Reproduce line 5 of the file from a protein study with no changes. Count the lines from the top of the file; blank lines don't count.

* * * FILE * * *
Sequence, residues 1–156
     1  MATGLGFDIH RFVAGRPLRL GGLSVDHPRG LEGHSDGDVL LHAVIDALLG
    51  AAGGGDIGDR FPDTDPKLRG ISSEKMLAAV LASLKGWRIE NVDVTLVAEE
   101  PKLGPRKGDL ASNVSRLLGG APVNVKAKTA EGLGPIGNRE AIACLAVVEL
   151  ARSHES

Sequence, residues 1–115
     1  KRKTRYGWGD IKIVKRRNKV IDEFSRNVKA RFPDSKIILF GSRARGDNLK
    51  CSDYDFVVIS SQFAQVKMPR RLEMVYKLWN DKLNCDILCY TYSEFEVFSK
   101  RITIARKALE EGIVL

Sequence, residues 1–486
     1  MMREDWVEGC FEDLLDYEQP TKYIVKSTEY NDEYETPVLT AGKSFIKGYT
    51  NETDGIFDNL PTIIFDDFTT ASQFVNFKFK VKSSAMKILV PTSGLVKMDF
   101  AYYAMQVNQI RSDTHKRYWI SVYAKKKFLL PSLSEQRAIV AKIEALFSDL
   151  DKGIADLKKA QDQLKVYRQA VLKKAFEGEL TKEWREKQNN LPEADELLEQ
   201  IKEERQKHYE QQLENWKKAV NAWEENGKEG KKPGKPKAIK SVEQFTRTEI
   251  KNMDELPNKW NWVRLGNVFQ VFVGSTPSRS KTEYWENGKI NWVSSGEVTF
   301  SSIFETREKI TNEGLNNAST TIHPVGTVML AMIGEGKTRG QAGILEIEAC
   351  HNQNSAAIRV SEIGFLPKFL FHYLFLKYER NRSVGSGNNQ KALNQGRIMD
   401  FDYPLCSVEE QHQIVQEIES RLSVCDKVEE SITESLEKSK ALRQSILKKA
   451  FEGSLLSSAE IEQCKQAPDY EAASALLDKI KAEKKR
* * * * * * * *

   151  ARSHES